Balmain, one of Sydney's nearer suburbs, lies on an inlet to the west of Darling Harbour. Like Paddington it has well preserved Victorian houses and is the home of many artists.
Glebe, south of Balmain, has become a very popular residential area in recent years. In this area is Sydney University, the oldest in Australia.
Liverpool was founded by Governor Macquarie in 1810, but until the second world war remained a secluded rural settlement. It has since developed into an independent industrial center within the Sydney conurbation. It has preserved many historic buildings of the early 19th C, among them St Luke's Church and Liverpool Hospital, both designed by Francis Greenway.
The well-known Sydney suburb of Manly, on the north side of the harbor entrance (North Head), can be reached by ferry or hydrofoil. Its principal tourist attraction is Marineland, a large aquarium with shark feeding and other shows. The beach is well equipped with facilities for holidaymakers, including a large water slide.To the north of Manly is a string of popular beach resorts extending up to Palm Beach and Barrenjoey Head, on Broken Bay, the estuary of the Hawkesbury River.
The best-known of Sydney's inner suburbs is Paddington, familiarly known as Paddo, only a 2 km walk along Oxford Street from the southeast end of Hyde Park. Thanks to the efforts of local people many of the old terraced houses lining the steep streets have been saved from demolition.Many young artists have made their homes in Paddington, which has interesting art galleries and craft shops as well as some very attractive restaurants.The main feature of interest in Paddington is the Victorian Barracks, on the south side of Oxford Street. Built by convict labor between 1841 and 1847, they are the best preserved large complex of colonial Georgian architecture in Australia. The main block - 225 m long, two-storied, simply and clearly articulated by columns and terraces - housed a British regiment of 800 men. The barracks have remained in use since 1848. Part of the building is now occupied by a military museum.
Port Jackson (Sydney Harbour) separates Sydney from its northern districts and suburbs. In addition to the Sydney Harbour Bridge there are other bridges spanning the harbor further west (Gladesville Bridge, Ryde Bridge). It can also be crossed by ferry from Circular Quay. A cruise round the harbor by boat or ferry is a good way of seeing Sydney from its best side; there are various departure points round the harbor.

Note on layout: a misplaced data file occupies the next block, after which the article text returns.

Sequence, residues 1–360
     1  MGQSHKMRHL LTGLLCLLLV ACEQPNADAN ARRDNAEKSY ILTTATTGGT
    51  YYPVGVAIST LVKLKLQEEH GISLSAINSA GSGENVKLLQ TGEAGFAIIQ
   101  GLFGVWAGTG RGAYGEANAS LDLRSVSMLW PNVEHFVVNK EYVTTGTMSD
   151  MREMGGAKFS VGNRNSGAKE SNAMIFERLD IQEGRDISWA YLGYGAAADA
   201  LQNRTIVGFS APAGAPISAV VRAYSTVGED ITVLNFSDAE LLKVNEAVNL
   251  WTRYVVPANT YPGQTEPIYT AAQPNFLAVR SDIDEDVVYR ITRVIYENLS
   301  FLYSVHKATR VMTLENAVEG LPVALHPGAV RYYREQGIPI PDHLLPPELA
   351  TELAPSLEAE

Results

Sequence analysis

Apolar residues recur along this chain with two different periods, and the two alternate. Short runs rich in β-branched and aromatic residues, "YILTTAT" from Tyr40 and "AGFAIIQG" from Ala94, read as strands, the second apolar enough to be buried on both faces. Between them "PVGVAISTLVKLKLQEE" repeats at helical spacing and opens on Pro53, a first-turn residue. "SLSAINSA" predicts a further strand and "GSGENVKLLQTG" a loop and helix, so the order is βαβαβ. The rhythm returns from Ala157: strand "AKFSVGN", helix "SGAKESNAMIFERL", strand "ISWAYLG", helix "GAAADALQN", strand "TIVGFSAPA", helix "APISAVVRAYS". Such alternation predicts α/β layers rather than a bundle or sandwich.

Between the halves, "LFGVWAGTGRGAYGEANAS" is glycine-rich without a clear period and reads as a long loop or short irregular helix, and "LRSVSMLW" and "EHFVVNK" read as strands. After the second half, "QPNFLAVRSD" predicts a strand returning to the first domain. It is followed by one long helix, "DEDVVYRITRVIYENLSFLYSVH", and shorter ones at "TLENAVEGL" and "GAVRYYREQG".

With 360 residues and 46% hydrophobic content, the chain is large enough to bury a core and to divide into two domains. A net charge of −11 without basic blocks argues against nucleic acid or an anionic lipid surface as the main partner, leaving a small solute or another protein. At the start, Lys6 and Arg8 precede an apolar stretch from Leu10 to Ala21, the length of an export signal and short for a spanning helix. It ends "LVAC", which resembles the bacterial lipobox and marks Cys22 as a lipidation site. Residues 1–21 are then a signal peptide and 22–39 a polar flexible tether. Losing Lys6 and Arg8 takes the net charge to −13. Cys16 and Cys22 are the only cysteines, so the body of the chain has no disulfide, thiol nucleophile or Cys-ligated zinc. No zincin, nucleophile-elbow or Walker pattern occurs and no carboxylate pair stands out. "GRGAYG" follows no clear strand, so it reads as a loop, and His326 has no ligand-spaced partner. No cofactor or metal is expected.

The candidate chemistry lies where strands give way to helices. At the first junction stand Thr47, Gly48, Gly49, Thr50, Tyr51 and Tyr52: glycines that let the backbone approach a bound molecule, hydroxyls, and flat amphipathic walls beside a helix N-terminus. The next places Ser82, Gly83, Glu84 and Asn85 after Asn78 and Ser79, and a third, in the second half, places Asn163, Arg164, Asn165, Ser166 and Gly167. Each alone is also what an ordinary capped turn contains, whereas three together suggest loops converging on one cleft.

In Vaucluse, between the harbor and the Pacific, is romantic Vaucluse House (open to the public), built between 1827 and 1850 by the explorer and politician William Wentworth for himself and his large family, set in beautiful gardens.
West of Sydney extends an endless succession of suburbs, for the most part consisting of detached houses with gardens, with only the occasional district (e.g. Parramatta) more densely built up with houses and apartment blocks. Even in a large city Australians like to have a house of their own with a garden, however tiny.On Saturdays there are often yacht races in the harbor.On the north side of the harbor, below the zoo (Ashton Park) and round Cremorne Point, there are pleasant paths for walkers.
Parramatta, the second British settlement in Australia, was founded in 1788 and was originally known as Rose Hill. It is almost completely surrounded on the west side by the city's suburbs. It was originally planned to make Parramatta the seat of government of the colony, leaving the town with Australia's oldest public building, Old Government House, a fine specimen of colonial Georgian architecture begun in 1790.Elizabeth Farm House (well restored) was built in 1793 by John MacArthur and his wife Elizabeth, making it probably the oldest surviving private house in Australia. Other interesting buildings are St Patrick's Cathedral, Roseneath House (c 1834) and some restored terraced houses in Phillip Street. Also of interest is the old cemetery of Parramatta, with the graves dating from the end of the 18th C.The Lancer Barracks (1818) are the oldest barracks in Australia.
Hawkesbury River is a scenic and historical area, with old towns surrounded by farm land.
Wonderland Sydney (closed)
Adjoining the Australian Wildlife Park is a large 200 ha theme park, Australia's Wonderland, which is somewhat reminiscent of Disneyland. Divided into seven different theme areas, it has numerous exciting rides and giant slides as well as stage shows.ATTRACTION CLOSED IN 2004.
Camden (pop. 18,700) lies near Campbelltown, and like that town has grown considerably in size as a result of its proximity to the Sydney conurbation. John Macarthur acquired great areas of grazing land here in 1805 and, with his wife Elizabeth, experimented with new breeds of sheep. Also associated with Macarthur is the Elizabeth Farm House at Parramatta.The town was founded around 1840, and many old building have survived from that period (Belgenny, Camden Park House, St John's Church, Macaria).
Campbelltown (pop. 141,800), since the 1970s has been a rapidly growing satellite town of the state capital of Sydney.There are only scanty remains of the town founded by Governor Macquarie around 1820 and given his wife's maiden name.St Peter's Church (1823), a fine example of Georgian architecture; old houses of the colonial period on Queen Street (Nos. 284-98).
Penrith (pop. 34,000) is an historic old town on the Nepean River, and the center of the Sydney-Blue Mountains-Hawkesbury River region.After the construction of the road through the Blue Mountains (1815) a courthouse and a small jail were built here. There are occasional boat races on the Nepean River.